Markup-based UI

10/27/2003 2:23:00 PM

Markup-based UI

One of the most exciting things coming forth in Longhorn in the ability to use markup to describe the user interface. Longhorn adopts as its own many concepts from Web. Web-based applications are easier to develop, deploy and use. Desktop applications have their advantages, too, such as their richness, performance and access to the platform. Longhorn blends the two models into one.

One of these concepts borrowed is a markup language, called XAML, which Microsoft took and refined beautifully. As a UI language, XAML is richer than HTML. Because it's on the desktop, it can be compiled, take full advantages of the new Longhorn graphics and media subsystem, and produce effects that once required Flash. Because it is easy to use and concise, it promises to make multimedia-rich applications, not just common, but standard in the desktop.

I saw a post that presents a misleading description of XAML in LonghornBlogs.com, as if the author of the post has never used XAML. The description has caused some confusion. He is actually describing XUL, which is very different. XUL is similar in that it is based in XML and is used to describe the interface.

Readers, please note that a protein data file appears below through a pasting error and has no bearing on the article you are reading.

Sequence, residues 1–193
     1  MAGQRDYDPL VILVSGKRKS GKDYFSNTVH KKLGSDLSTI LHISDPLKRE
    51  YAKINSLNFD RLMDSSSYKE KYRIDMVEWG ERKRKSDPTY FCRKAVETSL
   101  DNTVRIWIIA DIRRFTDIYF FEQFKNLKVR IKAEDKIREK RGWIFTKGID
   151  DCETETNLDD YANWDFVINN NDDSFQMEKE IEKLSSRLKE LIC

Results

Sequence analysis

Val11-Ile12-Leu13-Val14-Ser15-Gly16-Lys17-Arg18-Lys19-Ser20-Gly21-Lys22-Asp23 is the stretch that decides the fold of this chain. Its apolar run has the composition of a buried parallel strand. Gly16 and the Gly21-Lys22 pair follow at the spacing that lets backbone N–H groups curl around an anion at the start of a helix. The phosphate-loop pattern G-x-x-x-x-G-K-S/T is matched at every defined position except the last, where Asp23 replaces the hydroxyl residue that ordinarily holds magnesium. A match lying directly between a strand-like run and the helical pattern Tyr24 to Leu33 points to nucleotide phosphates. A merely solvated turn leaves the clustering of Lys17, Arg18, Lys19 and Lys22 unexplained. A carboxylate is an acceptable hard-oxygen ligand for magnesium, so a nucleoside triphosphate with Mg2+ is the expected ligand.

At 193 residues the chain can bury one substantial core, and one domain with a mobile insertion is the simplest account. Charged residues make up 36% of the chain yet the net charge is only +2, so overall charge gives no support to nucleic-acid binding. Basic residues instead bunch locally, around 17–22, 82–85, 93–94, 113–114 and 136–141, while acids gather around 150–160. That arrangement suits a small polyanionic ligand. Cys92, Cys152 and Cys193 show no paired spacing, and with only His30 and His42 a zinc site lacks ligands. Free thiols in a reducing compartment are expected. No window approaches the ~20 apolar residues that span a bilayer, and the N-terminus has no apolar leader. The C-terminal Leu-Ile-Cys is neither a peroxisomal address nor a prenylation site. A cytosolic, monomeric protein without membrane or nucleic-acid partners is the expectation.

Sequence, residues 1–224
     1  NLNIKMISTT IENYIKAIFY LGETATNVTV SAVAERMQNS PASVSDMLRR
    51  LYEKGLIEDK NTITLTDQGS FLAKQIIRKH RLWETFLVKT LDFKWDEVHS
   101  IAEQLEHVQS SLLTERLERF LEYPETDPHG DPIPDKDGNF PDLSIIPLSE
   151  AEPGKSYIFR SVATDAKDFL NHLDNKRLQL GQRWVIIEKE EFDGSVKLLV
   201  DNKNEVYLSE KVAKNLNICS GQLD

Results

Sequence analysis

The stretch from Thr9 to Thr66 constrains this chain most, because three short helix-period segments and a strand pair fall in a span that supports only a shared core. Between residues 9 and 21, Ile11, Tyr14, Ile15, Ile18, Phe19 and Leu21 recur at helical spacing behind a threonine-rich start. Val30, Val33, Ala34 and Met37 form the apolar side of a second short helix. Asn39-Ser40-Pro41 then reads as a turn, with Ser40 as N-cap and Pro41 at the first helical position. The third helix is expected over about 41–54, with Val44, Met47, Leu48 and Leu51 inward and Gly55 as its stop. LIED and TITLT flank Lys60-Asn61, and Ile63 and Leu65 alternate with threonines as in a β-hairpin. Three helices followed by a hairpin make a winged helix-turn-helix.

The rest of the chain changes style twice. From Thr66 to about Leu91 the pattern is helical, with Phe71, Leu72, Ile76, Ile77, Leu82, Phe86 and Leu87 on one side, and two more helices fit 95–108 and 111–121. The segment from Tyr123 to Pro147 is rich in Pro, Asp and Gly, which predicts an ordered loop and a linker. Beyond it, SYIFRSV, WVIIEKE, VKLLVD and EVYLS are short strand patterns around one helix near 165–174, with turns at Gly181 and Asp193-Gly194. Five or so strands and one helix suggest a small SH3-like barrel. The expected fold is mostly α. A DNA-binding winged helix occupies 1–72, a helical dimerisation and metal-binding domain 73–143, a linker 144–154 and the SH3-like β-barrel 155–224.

First of all, XAML is unrelated to Internet Explorer. It can be hosted in IE, but so can Word and Excel. I believe the approach to browsing is the same as the Office apps, using Active Documents.

Ryan mentions that XAML uses CSS and Javascript. While XAML supports styles, it does not support CSS. Also, XAML supports any .NET language, but there is no special support or preference for Javascript; more likely code behind XAML will be written in a more performant language, C# or VB.NET.

Also, Ryan also mentions that XAML is used to create applications in the browser. This is not true, but it also not completely false, since an application can be simultaneously deployable as a stand-alone executable or a browser-based application. The new programming model reduces the dichotomy between the web and desktop.

WIth XAML, you can declaratively specify a user interface, but I don't think it is limited to just user interfaces or Avalon, for that matter. The markup language is tightly coupled with .NET. Elements correspond to CLR objects, and attributes correspond to properties and events. XML namespaces may be used to correspond to CLR namespaces. It's like a new serialization method, that can be compiled or constructed at runtime. You may even be able to construct an arbitrary object tree with it (even a WinForms UI).

There are more errors in Ryan's post, but I just wanted to shoot the post down. I am not an MS employee, and this post may also have errors. These are my own opinions.

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Net Undocumented is a blog about the internals of .NET including Xamarin implementations. Other topics include managed and web languages (C#, C++, Javascript), computer science theory, software engineering and software entrepreneurship.

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